In his dialogue with Nicodemus, Jesus taught that Baptism was necessary for salvation. “No one can enter the kingdom of God without being born of water and Spirit” (Jn 3:5). After his Resurrection, Jesus met with the eleven Apostles and gave them the commission to preach the Gospel and baptize, telling them, “Whoever believes and is baptized will be saved” (Mk 16:16).
The word baptism in its origins is Greek and means “immersion” and “bath.” Immersion in water is a sign of death and emersion out of the water means new life. To bathe in water is also to undergo cleansing. Saint Paul sums up this truth when he says, “You were buried with him in baptism, in which you were also raised with him through faith in the power of God, who raised him from the dead” (Col 2:12).
The origin and foundation of Christian Baptism is Jesus. Before starting his public ministry, Jesus submitted himself to the baptism given by John the Baptist. The waters did not purify him; he cleansed the waters. “He comes to sanctify the Jordan for our sake . . . to begin a new creation through the Spirit and water” (St. Gregory Nazianzen, Liturgy of the Hours, I, 634).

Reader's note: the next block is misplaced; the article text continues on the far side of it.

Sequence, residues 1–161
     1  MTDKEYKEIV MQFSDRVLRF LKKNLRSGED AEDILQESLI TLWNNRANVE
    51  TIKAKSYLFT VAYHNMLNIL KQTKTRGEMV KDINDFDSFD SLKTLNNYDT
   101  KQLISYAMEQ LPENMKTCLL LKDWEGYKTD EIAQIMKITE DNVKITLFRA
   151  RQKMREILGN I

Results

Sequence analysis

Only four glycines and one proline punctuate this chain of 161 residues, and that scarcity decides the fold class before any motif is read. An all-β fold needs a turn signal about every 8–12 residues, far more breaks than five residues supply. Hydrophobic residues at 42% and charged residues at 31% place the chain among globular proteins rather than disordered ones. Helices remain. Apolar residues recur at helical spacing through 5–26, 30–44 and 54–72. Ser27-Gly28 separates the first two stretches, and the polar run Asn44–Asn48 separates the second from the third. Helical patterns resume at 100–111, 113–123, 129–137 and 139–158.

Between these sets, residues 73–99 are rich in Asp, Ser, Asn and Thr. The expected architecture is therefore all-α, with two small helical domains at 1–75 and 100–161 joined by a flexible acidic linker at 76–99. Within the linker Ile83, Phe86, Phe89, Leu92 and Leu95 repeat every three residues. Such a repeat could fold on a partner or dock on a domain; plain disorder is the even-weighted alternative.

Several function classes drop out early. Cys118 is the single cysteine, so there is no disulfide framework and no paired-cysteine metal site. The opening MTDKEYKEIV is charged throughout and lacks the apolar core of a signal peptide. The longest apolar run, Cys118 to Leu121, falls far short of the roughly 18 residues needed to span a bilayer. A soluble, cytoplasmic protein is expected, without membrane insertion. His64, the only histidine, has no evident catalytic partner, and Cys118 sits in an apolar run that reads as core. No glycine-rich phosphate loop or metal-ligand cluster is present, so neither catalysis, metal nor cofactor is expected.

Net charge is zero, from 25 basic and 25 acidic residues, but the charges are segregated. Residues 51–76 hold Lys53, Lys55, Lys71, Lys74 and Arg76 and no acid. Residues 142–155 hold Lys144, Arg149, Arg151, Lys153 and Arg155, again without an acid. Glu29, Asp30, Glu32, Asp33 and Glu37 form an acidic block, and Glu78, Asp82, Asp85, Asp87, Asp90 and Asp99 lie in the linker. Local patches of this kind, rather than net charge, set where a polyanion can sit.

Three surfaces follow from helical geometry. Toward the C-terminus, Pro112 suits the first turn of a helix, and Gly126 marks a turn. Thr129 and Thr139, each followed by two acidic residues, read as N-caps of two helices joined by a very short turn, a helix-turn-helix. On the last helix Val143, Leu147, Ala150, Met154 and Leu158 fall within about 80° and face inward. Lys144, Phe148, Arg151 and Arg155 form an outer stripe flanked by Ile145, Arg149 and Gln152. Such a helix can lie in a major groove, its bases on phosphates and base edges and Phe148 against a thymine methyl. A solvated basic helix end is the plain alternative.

Jesus’ immersion in the water is a sign for all human beings of the need to die to themselves to do God’s will. Jesus did not need to be baptized because he was totally faithful to the will of his Father and free from sin. However, he wanted to show his solidarity with human beings in order to reconcile them to the Father.
By commanding his disciples to baptize all nations, he established the means by which people would die to sin—Original and actual—and begin to live a new life with God.
—From the United States Catholic Catechism for Adults
Baptism at St. Peter’s
Baptisms are held on the second and last Sundays of the month at 1 p.m. following 11:30 a.m. Mass. To schedule a baptism, please call the parish office.
Preparation for Baptism
If this is your first child or you have not had a preparation class for the sacrament, please contact the parish office to learn when the next class will be held. This class is for both parents to understand the sacrament and preview the ritual of baptism.
Godparents are practicing Catholics (16 or older) who have received the Sacrament of Confirmation, and are active models of Christian faith, service, and prayer. Ideally, both godparents should be Catholic. However, sometimes it is only possible to have one Catholic godparent that is acceptable.